WATCH: Boy in South China Pees in Elevator, Causes Short Circuit

By That's, 2019-07-16 13:33:33

originally-seen-on-thats-c8bef2.pngThis article originally appeared on our sister website, That's Shanghai.


By Jesse Pottinger

Spend enough time in China, and you’re bound to see a few kids peeing in public places – it would almost be weird if you didn’t.

It’s one thing to take a leak, say, under a bridge, or down the sewer drain of a busy walking street – when you gotta go, you gotta go – but this week a boy in Meizhou, Guangdong province took things a step further, relieving himself on an elevator control panel inside a residential building.

In the surveillance video, which was posted online on July 7, the boy stands directly beside the elevator buttons and drains himself. He then hangs around until the door opens and heads out, leaving the mess, and resulting technical problem, for the next person to ride.

Watch below to see it all go down (VPN off):

When an unsuspecting woman enters the elevator shortly thereafter, she begins to reach for the control panel, only to jump back and flee at the sight of flying sparks – the result of a urine-induced short circuit.

It is possible the young man just really had to go, but one has to ask: If you must pee in the elevator, why aim for the buttons?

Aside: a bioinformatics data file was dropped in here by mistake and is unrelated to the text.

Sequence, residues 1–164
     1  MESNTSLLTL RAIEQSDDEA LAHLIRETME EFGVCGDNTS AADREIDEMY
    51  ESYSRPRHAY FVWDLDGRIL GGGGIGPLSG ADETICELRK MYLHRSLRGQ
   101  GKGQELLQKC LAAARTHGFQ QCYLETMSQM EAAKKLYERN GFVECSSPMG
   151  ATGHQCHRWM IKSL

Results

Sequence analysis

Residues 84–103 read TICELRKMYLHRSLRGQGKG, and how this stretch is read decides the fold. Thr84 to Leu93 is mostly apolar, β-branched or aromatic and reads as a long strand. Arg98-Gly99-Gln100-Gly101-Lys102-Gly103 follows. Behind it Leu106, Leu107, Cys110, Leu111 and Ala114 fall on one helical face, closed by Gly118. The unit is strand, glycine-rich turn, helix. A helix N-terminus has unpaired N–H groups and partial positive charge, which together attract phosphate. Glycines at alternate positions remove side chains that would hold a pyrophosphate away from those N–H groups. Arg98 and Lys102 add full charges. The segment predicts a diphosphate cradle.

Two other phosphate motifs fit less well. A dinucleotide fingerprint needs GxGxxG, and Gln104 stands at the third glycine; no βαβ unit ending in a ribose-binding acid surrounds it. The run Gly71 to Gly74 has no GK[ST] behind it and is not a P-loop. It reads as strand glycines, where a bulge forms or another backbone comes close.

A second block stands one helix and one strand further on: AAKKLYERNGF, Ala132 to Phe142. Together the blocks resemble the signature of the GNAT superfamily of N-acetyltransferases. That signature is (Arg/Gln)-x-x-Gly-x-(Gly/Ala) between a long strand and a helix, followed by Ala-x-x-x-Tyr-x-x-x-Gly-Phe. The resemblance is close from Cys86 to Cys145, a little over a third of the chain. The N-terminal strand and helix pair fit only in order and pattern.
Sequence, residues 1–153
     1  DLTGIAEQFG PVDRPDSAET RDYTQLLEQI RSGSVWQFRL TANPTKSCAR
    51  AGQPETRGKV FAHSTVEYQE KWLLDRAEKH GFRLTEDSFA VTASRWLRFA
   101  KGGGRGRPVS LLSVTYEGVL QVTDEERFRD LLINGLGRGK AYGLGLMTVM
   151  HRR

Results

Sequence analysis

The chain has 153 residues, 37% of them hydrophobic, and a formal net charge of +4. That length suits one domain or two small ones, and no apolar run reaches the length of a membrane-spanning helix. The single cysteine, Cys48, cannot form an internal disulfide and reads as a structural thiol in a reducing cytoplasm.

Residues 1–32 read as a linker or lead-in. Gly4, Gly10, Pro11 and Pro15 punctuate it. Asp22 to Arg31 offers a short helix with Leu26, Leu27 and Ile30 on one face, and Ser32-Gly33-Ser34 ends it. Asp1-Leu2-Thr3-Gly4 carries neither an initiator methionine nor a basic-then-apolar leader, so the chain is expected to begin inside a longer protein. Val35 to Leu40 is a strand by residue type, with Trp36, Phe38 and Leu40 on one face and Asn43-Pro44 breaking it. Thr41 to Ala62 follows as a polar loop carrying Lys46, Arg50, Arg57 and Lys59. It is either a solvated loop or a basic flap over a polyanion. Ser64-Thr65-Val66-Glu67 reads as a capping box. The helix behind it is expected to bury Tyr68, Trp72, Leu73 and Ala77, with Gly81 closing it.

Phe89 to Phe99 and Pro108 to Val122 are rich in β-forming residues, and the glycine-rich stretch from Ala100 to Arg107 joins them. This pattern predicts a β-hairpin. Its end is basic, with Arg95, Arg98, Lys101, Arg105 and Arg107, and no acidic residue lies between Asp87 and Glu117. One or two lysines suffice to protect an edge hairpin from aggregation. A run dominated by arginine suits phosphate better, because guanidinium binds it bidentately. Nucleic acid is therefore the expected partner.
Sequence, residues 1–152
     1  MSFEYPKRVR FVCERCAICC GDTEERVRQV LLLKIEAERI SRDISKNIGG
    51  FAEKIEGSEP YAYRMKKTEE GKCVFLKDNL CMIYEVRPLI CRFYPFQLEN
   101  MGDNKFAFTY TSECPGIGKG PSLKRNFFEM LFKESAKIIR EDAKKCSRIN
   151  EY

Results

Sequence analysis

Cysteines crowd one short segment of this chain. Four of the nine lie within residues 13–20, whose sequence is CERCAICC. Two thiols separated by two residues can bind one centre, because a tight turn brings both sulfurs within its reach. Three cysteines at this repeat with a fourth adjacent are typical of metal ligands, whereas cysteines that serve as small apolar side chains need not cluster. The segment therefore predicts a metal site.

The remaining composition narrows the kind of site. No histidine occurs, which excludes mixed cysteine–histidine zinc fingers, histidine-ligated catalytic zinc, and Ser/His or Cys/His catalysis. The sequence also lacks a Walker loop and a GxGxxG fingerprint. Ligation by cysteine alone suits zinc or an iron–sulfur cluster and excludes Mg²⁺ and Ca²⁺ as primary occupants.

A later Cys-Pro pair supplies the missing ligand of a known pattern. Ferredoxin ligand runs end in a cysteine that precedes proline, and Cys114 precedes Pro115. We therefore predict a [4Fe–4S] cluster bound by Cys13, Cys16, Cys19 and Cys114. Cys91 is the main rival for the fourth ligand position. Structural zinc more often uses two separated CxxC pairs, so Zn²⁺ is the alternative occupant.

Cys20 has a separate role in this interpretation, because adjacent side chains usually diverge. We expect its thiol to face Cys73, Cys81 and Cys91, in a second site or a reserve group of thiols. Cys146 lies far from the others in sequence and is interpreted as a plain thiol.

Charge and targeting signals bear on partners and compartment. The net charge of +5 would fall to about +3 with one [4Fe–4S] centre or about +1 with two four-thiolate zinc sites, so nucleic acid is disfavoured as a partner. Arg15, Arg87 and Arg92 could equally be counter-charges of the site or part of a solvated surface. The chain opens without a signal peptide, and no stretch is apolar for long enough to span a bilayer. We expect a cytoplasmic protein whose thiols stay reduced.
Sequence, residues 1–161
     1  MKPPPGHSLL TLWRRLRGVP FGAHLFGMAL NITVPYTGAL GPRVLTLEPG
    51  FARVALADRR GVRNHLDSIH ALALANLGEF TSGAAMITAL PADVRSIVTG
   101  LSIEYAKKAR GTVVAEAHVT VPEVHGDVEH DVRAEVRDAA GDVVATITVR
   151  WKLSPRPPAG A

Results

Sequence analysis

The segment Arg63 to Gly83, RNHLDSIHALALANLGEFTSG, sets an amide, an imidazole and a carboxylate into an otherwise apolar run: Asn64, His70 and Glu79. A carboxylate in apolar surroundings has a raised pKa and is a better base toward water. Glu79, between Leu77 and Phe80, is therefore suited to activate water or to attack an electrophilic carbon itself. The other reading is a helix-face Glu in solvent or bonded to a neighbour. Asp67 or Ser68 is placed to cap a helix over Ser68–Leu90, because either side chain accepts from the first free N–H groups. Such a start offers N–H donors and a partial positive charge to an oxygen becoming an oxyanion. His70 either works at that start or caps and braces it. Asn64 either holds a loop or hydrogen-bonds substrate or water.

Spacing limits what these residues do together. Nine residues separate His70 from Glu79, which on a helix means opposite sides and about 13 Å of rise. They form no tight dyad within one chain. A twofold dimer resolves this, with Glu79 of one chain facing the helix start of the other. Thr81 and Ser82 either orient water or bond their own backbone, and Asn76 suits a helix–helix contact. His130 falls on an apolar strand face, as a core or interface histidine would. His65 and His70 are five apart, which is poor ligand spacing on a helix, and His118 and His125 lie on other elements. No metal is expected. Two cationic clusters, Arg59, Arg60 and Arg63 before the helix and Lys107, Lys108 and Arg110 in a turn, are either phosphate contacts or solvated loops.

More likely is that he got a kick out of the notion that some poor sucker would have to touch the sticky panel and then ride in an enclosed space that smells like ammonia – but we can only speculate.

In addition to a good scolding, one Weibo user noted that the prankster or his family will be fined RMB1,000 for the damages caused to the elevator.

Perhaps unsurprisingly, this isn’t the first time that someone taking a piss in an elevator has gone viral in China. Last year, a boy in Chongqing fell victim to his own prank, when he got trapped in an elevator after letting out a stream of pee all over the control panel.

READ MORE: Man Falls Down Elevator Shaft After Kicking Doors Open

[Cover image: screengrab via QQ]

This article was originally published by our sister magazine That's Shanghai. For more articles like this, visit the That's Shanghai website, or follow the That's Shanghai WeChat account (ID: Thats_Shanghai).